If you’re just beginning to work with Blender, you may find that a little red circle keeps popping to where you click. And you may find it really annoying. Well, that’s the 3D Cursor and, believe it or not, it’s actually pretty useful. You may have managed to avoid it up to this point, but it’s time to embrace this little tool for all it can do.
So What Is the 3D Cursor?
The 3D Cursor allows you to define where the pivot point or origin of an object is. And it allows you snap a selected item to a precise location. It’s a handy tool that helps with transformation and placement.
Let’s say that you want to rotate an object around a particular point. Perhaps you have a door that needs to rotate at the hinges, or a pillar that needs to topple over, rotating from its base. These are perfect situations for the 3D Cursor.
Moving the Pivot Point of an Object
With the door example, you could select the edge that the hinges are attached to and press Shift + s to get the Snap Menu. From this menu, select Cursor to Selected. This will move the cursor to the center of your selection. Now to rotate around that point, go to the Pivot Point menu at the bottom of the 3D View and change from Median Point to 3D Cursor.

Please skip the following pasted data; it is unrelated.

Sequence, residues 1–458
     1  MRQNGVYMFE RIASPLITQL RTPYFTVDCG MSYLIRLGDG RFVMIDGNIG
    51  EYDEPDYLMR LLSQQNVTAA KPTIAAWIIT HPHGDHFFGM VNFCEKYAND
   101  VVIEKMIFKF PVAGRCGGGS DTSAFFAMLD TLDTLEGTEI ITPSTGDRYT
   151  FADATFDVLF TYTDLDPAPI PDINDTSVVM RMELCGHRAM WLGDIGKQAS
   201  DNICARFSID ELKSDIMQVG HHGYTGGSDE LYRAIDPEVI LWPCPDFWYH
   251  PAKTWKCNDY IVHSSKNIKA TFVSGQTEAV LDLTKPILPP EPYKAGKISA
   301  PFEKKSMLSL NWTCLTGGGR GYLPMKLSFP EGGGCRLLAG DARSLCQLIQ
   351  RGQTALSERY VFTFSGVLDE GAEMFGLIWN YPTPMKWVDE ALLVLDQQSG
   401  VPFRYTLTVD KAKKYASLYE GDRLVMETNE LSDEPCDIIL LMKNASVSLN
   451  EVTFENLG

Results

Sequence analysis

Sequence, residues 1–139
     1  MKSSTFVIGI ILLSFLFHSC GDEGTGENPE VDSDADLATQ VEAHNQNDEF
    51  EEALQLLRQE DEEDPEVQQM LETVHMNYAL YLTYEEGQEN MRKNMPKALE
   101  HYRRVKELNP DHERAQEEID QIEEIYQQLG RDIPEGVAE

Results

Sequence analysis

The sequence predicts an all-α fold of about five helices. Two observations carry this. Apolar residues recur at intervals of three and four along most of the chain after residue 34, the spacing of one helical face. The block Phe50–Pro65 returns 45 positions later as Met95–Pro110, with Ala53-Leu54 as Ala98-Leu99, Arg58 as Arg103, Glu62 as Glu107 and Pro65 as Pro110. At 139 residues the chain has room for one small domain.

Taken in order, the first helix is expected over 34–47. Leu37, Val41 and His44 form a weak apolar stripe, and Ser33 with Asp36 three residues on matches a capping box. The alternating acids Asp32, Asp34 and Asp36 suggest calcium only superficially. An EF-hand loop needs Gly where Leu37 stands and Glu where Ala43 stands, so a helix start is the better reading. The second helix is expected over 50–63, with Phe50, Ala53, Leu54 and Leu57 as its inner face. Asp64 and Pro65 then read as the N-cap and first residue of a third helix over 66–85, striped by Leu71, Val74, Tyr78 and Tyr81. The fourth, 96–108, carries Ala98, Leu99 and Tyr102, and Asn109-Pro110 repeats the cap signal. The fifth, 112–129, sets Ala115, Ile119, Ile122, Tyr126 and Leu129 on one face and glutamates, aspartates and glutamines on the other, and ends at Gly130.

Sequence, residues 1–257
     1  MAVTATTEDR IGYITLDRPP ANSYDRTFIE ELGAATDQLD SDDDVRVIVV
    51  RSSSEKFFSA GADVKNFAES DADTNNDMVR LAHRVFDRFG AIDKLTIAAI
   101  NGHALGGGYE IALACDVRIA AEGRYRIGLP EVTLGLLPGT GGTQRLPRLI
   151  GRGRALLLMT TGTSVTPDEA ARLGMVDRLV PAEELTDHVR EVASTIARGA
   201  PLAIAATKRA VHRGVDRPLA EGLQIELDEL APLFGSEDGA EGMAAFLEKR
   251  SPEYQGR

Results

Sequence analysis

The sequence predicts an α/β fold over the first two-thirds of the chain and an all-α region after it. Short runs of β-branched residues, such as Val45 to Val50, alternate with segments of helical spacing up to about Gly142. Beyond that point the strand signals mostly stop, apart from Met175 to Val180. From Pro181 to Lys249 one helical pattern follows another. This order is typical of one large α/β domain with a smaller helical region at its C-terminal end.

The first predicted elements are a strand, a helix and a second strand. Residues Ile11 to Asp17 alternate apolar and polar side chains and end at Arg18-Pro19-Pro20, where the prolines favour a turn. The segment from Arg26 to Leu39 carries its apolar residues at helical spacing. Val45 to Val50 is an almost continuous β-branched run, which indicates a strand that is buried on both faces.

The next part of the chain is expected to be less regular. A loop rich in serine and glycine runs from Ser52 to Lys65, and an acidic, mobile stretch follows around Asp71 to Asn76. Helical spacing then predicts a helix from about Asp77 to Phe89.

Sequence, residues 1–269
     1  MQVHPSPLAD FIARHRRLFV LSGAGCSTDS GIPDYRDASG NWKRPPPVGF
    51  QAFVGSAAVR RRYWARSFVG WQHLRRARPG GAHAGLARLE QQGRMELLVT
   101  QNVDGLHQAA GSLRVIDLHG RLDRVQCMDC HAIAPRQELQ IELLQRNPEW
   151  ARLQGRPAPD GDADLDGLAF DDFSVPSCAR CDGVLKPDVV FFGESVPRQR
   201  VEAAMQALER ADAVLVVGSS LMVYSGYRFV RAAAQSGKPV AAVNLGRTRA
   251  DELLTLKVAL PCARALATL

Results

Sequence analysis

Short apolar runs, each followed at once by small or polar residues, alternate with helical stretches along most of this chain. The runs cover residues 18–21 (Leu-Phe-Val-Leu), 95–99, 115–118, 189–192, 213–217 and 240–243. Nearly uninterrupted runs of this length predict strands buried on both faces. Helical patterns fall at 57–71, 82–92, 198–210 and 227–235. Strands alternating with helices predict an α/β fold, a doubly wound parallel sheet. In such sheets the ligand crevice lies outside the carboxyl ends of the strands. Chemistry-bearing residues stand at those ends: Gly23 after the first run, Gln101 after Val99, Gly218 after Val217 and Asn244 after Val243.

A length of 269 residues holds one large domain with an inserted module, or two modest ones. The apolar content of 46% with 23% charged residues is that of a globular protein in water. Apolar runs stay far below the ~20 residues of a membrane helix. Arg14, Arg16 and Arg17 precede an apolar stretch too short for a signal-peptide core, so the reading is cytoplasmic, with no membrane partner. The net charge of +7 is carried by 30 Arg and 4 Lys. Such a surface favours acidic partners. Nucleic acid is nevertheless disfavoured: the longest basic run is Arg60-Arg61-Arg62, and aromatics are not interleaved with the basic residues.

Now when you change to the Rotate tool, the rotate manipulator is centered at the 3D Cursor. You can rotate the door at the hinges.
But this won't work for animation. This is just a temporary solution, suitable for rotating the door to a particular angle. The origin of the door object still remains where it was. For animation we need a more permanent solution.
Blender allows you to move the pivot point of the object separately from its origin. But when we animate, we will animate the origin.
Moving the Origin of an Object
To move the origin of the object we can use the Set Origin pull-down menu in the Tools tab on the left. Make sure you are in Object Mode, click the Set Origin menu, and choose Origin to 3D Cursor. Now the origin is placed at the hinges of the door.
You can change the Pivot Point menu back to Median Point as well.
Now you can animate the door, creating key frames so the door can rotate around the origin as if it is opening.
So the take-away point of all this is that Blender allows you to move both the pivot point of an object and its origin. They don’t necessarily have to be in the same location. But when you animate an object, they should be.
I hope this has been helpful. For more Blender goodness, check out my Youtube channel for my Blender Character Creation series.